ChicagoGraphics Major Contributor

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    I use my tablet in Illustrator & Photoshop and never had trouble with jaggedness.
     
  13. Capital Signs

    Capital Signs Very Active Member

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    Now does the image go on the tablet? And you trace over it? Or is it strictly on the screen? I want one now...
     
  14. GK

    GK Very Active Member

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    If you have an Intuos the tablet is just a board in front of you that you write on and the image is on your screen. If you are working on a Cintiq then the tablet has a screen that you directly work on (12wx model starts at $899-$1000 and the 21ux up to $2000)
     
  15. Capital Signs

    Capital Signs Very Active Member

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    So is it worth the money to have it on the tablet? I would think it would be much easier to work with if the screen was on the tablet.
     
  16. GK

    GK Very Active Member

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    Is it worth the money if you do any design or 3D/CAD work...100% worth the investment. There is a learning curve it take a little getting used to but its certainly worth it in my opinion. It feels more natural when working. The question remains, do you have the budget for the tablet or the Cintiq and then what model. Larger tablets are usually good for people who use a longer penstroke when drawing and smaller tablets are good for shorter penstrokes or travel. The screen is different because you are working directly on it. Then there are the programmable function buttons on the sides and you are good to go. Another good design controller tool is a Logitech NuLooq but buyer beware its very limited in terms of what software its compatible with.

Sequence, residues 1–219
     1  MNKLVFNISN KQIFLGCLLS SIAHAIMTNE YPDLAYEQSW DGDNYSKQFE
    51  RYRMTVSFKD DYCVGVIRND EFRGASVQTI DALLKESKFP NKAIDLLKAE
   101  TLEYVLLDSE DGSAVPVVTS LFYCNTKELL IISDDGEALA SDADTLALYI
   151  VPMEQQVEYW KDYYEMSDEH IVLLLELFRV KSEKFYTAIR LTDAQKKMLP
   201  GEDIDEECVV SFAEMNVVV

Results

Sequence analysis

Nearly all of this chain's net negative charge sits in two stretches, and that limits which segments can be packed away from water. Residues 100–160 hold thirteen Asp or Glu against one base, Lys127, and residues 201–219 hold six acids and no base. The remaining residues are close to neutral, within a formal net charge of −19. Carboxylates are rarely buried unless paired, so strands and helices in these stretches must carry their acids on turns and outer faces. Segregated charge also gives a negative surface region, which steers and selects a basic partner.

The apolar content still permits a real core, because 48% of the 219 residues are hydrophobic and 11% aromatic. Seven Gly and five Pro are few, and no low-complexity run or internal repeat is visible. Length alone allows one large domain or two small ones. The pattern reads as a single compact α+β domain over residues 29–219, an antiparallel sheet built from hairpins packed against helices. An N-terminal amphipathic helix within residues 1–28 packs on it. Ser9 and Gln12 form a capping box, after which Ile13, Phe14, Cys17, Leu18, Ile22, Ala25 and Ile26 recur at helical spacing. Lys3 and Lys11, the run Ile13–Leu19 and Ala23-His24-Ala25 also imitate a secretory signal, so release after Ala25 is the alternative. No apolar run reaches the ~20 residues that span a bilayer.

17. Capital Signs

    Capital Signs Very Active Member

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    Well, I will have to save up for it, when the need arises. RIght now, I can live with sending things to vector doctor to vectorize, just wondering what other cool uses I can get out of it, i'm sure there are a few...
     
  18. zmatalucci

    zmatalucci Very Active Member

    I figured it out, thanks guys!
    And yes, it is certainly worth the investment. It was actually given to me by my neighbor. I don't know how I did it for so long without one. Mine is a 9-12, and I find it to be perfect for my drawing style. I will have some original drawings to post soon!
     
  19. cOrKinSA

    cOrKinSA Very Active Member

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    Thats a nice neighbor! Our neighbor put our wooden fence back up when a drunk driver took it out. I didn't even know he fixed it!
    ..er
    ..um
    ...okay back to the topic. Oh and there is a :corndog: missing on this thread.
     
  20. :software I have heard the correct pronunciation for Wacom is WAL-KUM.

    Anybody else heard that?